[00:14:06] Pues en ese momento era cuestión de ser paciente. ¿Es es entender y la naturaleza es muy muy sabia no? Entonces cuando tú ves y siembras una semilla de una manzana, no esperas que te den manzanas al día siguiente. ¿Sería ilógico, no? ¿Entonces por qué de una empresa queremos ver resultados? ¿Que nos ponga el Ferrari o el Porsche o el yate al año, no? ¿Entonces me sirvió mucho una plática que vi del fundador de Yakult, que es otra empresa que está muy fuerte en Jalisco, donde él decía las empresas mexicanas fallan mucho y a los antes de los cinco años ya cerraron porque? Porque el empresario no es paciente con la empresa. Tienes que ver la empresa como un proyecto a largo plazo y entender que no te va a comprar la casa, el yate y el carro hasta en 20 años. Al principio tú tienes que vivir para nutrirlo y hacerlo crecer igual que cuidarías una semilla de Si quieres que crezca y madure y produzca manzanas, pues tienes que cuidar y darle toda esa semilla en un inicio. Entonces, los primeros años yo no tenía salario, vivía al a, o sea, todo era reinversión. ¿El primer millón de dólares que ganamos en la empresa es cómo los reinvertimos, este cómo seguimos creciendo y todo ha sido así, que la empresa no, no era de que hoy que padre tenga 1 millón de dólares, que qué carro, que casa me voy a comprar, sino es cómo, cómo lo voy a reinvertir, no? Entonces sí hay que ser muy pacientes este en los resultados de la empresa y verla como con ojos paternales, no de que es un bebé que tenemos que cuidar y. ¿Y no le exigiremos a un bebé un niño de siete años que te den los resultados de alguien de 20? No tener un poco a muy, muy firmes los objetivos que son a mediano y largo plazo.

 

[00:16:08] Totalmente de acuerdo y muy muy buenas sugerencias para la gente que nos escucha y que está en En otros países de habla hispana. Este no necesariamente, a lo mejor México o Estados Unidos. Cuéntanos un poco dos cosas uno. ¿Cuál fue la oportunidad que viste en la industria? ¿O sea, por qué cargo? ¿Por qué cargo Sprint iba a ser exitoso? ¿Cuál fue el problema que querías resolver? Y bueno, para la gente que a lo mejor no está tan familiarizada con el proceso de estas cargas aéreas, pues bueno, cuéntanos un poco más en términos generales. ¿Bueno, cuál era la oportunidad que viste? ¿Y luego qué es lo que hace realmente? ¿O sea, cómo funciona de manera general? ¿Cargo sprint?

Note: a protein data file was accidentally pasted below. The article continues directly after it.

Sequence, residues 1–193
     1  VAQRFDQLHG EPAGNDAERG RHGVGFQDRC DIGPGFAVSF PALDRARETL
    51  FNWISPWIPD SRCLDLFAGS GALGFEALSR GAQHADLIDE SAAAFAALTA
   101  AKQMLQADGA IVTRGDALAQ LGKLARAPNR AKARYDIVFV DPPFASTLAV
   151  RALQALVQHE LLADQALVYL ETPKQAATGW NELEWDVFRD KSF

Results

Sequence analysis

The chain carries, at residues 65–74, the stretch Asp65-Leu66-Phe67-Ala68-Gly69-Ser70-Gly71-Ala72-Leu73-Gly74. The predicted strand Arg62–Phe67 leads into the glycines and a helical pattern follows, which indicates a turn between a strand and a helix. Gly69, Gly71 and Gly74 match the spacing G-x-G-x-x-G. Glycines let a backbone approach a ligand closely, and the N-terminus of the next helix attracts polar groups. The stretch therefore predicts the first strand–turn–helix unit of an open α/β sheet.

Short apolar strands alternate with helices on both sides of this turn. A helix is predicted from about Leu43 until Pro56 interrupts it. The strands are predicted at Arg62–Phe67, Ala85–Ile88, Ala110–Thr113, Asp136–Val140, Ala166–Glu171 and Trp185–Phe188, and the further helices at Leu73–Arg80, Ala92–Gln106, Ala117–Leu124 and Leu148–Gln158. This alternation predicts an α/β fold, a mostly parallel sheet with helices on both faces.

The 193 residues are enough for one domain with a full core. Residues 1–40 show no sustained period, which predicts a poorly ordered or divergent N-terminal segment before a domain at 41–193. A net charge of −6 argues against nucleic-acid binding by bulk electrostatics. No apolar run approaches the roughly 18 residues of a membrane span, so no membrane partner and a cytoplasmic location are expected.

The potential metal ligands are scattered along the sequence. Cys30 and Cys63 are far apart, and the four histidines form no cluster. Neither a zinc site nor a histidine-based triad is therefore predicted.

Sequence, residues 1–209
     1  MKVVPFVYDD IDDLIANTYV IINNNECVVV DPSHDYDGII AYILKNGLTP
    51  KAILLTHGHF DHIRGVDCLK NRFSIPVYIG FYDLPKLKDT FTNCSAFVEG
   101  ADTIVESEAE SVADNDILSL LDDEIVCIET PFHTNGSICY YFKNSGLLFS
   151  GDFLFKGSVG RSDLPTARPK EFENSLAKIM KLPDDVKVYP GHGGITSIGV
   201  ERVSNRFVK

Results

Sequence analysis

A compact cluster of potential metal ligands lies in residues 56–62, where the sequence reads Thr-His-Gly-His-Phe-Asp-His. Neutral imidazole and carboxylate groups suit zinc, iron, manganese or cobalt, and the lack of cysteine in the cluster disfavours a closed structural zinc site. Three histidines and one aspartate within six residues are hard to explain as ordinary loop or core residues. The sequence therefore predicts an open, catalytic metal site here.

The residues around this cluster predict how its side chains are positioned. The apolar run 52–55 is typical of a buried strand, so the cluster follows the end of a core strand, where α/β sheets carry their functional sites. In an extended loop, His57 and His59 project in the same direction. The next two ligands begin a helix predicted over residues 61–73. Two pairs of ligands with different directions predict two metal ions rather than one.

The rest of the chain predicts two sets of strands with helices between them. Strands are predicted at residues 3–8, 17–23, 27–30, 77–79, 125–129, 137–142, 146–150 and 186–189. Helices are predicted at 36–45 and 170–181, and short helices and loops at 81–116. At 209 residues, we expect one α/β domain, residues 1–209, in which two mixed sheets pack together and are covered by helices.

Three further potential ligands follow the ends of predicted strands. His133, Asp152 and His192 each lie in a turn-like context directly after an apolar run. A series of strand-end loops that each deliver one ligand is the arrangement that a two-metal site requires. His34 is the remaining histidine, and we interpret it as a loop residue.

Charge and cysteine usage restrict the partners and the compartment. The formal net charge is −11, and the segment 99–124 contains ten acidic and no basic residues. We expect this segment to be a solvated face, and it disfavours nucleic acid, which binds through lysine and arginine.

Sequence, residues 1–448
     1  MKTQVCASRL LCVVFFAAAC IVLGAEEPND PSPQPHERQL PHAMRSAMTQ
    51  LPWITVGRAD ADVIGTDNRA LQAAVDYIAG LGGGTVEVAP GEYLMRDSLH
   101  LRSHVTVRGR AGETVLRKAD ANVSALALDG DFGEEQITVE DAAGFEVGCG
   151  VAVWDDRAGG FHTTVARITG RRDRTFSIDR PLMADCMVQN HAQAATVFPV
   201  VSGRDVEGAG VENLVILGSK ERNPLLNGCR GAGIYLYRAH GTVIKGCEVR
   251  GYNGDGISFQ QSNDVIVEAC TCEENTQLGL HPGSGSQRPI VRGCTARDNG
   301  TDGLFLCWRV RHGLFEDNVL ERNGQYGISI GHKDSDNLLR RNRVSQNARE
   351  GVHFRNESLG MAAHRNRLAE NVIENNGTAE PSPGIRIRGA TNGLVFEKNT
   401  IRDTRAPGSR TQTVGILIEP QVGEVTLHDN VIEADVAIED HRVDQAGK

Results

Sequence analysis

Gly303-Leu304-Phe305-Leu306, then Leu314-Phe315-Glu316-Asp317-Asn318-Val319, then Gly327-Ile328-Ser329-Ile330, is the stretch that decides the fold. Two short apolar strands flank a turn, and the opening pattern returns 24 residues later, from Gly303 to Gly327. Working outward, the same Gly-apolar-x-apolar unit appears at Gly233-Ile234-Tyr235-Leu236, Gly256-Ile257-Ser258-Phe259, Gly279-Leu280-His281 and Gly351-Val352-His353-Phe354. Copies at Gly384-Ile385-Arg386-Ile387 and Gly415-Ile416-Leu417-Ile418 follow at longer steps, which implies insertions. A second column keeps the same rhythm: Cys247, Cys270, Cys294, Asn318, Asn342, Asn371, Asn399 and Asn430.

[00:16:51] Sí, claro. Mira la idea. No, no voy a hacer. Me voy a robar el acervo intelectual de alguien más. No, yo no, no era yo no estaba en la industria Este mi ex esposo. El es un fraude for Water y era un broker de en Estados Unidos. ¿No? Y un día el. El es muy, muy creativo. Tiene una mente muy brillante. Este su nombre es Joshua Wolf y es el fundador y ahorita de la empresa él. ¿Él está obsesionado con dar un servicio al cliente perfecto, no? Y un día hace le tuvo dificultades con una carga y tuvo que pagar almacenaje y estaba muy frustrado porque los cargó Facility en Estados Unidos. En ese tiempo solo recibían cheque y querían un cheque y no había manera de pagar electrónico. Entonces él llegó conmigo un día y me dice Oye, voy a hacer una plataforma de pagos y voy a poner impresoras en cada aeropuerto y vamos a imprimir nuestros cheques. Y puedes pagar los pagos en el mismo día. No era este. Era su manera de cómo eficientar ese proceso de pagos. Yo, la verdad, no lo escuché. Él había tenido 20 ideas más que habían sido fallidas. Yo dije Ah, sí, claro.

 

[00:18:09] Bueno, y sin saber. Sin saber de logística. Tampoco conocía obviamente, lo que lo que pasaba a través de tu esposo en aquel momento. Pero no, no estaba así. Íntegra ya.

 

[00:18:19] Totalmente. ¿Muy buenas nociones, porque todo el tiempo lo escuchaba, lo vivía, lo masticaba, era todo mi mundo, no? En ese tiempo, entonces cuando yo escucho la historia te digo está bien, hazlo.